Patient companion volunteers must complete a comprehensive training program. Included in the training are the hospice history and philosophy, the concept of interdisciplinary team care and the medical, emotional and spiritual aspects of hospice care. Disease processes, stress relief and communication skills are also part of this very thorough training conducted by our Hospice staff and active volunteers. Prospective volunteers, like employees, are interviewed thoroughly by members of the management team. References are required and both criminal and driving records are reviewed.
Hospice staff members are happy to answer any of your questions and give you all the information you need by phone, letter or in person. Our office is located at 1019 S. 40th Avenue, Yakima, WA 98902, and is open Monday through Friday, 8:30 a.m. to 5:00 p.m. Our main phone number is 509-574-3600.
No. "Hospice" is a medical specialty like pediatrics, geriatrics, oncology, etc. Each hospice is a different organization. All hospices have the same general philosophy but their services may differ.
Yes. Pain and other symptoms can usually be controlled in the patient's home. If a symptom (i.e. pain, nausea or vomiting, or difficulty breathing) becomes a problem, the hospice nurse can be reached 24 hours a day, 7 days a week. Advances have been made in pain management, particularly in hospice care. Most symptoms can be controlled without the use of injections or IV medication. The hospice nurse will assess your pain and symptom control at each visit.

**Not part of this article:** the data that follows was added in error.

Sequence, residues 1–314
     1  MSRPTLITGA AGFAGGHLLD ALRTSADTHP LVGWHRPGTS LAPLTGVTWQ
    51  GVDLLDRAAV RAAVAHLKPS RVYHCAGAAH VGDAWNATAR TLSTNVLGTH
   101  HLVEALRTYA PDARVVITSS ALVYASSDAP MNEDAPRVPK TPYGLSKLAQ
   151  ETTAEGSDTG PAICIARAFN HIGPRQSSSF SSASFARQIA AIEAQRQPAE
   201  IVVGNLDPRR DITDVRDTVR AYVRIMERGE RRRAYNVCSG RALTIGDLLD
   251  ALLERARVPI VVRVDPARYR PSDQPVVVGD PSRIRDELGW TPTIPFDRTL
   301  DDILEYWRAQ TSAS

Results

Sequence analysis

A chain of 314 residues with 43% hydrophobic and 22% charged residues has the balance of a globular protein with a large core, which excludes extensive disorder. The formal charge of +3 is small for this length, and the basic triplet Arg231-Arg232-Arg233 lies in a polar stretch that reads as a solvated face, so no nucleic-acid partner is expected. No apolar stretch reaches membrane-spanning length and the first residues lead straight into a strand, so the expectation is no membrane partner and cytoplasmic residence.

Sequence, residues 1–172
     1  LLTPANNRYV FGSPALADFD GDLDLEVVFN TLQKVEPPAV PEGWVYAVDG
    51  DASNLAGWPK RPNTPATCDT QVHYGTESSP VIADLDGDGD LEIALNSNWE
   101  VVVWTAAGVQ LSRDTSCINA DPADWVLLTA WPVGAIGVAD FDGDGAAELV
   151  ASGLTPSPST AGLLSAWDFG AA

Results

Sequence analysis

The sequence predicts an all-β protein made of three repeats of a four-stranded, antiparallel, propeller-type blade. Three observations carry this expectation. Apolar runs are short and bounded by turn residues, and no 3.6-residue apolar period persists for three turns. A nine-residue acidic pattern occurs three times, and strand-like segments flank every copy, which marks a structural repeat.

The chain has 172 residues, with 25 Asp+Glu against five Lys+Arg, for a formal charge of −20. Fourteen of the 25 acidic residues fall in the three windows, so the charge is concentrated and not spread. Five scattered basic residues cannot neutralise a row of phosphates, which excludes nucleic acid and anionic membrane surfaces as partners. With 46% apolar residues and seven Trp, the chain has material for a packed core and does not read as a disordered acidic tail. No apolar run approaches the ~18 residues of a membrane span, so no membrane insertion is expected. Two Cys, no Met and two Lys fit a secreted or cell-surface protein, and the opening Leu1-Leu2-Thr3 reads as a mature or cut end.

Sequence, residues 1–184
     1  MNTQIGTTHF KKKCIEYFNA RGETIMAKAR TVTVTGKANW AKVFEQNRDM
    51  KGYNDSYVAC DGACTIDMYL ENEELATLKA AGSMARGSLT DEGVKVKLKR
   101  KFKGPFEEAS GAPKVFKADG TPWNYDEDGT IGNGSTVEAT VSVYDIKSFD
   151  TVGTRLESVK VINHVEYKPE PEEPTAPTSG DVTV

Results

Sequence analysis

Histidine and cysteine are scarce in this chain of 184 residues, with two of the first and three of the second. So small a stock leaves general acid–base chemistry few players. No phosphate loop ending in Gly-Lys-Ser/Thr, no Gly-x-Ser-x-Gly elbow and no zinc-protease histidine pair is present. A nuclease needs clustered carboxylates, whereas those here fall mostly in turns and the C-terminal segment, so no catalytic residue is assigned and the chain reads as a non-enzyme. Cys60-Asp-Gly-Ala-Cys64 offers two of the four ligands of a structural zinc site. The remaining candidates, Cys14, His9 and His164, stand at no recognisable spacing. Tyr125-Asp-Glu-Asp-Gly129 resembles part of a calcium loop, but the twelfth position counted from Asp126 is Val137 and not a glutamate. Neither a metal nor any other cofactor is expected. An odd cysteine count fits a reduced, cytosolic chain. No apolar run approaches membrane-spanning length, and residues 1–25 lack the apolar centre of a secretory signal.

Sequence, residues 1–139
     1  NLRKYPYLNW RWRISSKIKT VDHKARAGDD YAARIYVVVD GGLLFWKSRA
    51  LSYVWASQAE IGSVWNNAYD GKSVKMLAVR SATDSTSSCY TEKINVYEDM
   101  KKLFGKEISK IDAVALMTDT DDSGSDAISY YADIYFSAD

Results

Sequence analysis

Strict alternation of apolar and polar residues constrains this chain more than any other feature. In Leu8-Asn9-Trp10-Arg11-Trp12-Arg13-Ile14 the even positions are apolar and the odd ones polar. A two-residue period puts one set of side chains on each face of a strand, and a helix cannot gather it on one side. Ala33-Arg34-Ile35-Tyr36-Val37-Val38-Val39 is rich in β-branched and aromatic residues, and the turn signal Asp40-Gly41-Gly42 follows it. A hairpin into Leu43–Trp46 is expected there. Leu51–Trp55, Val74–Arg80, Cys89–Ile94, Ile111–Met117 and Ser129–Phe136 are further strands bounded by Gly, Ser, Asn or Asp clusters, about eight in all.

No. Hospice provides intermittent nursing visits to assess, monitor and treat symptoms, as well as teach family and caregivers how best to care for the patient. Team members are available 24 hours a day, 7 days a week to answer questions or visit anytime the need for support arises.
Yes, although a plan must be in place for when you are unable to care for yourself.
Yes. Receiving hospice care is always a choice. A patient may leave hospice and return to curative treatment if that is their choice. If the patient later chooses to return to hospice care, Medicare, Medicaid, and most insurance companies permit re-activation of the hospice benefit.
Yes. However, many symptoms that would normally require hospitalization or an emergency room visit can be successfully managed at home by the hospice team, thus preventing the stress of hospitalization. Hospice patients generally only have the need for short hospital stays to stabilize a symptom and then are able to return home.
No. Hospice is about living. Hospice strives to bring quality of life and comfort to a patient and their family. Our successes are in helping a patient and family live fully until the end. Often patients will feel better with good pain and symptom management. Hospice is an experience of care and support, different from any other type of care.
No. Hospice is about living fully. We encourage patients to do what they enjoy as they are able. The hospice team assists patients and families in achieving their goals and dreams as much as possible.
Yes. Services may include personal visits, providing information concerning the grief process and offering periodic opportunities for group support. Bereavement services provide information and referral to other area resources when needed.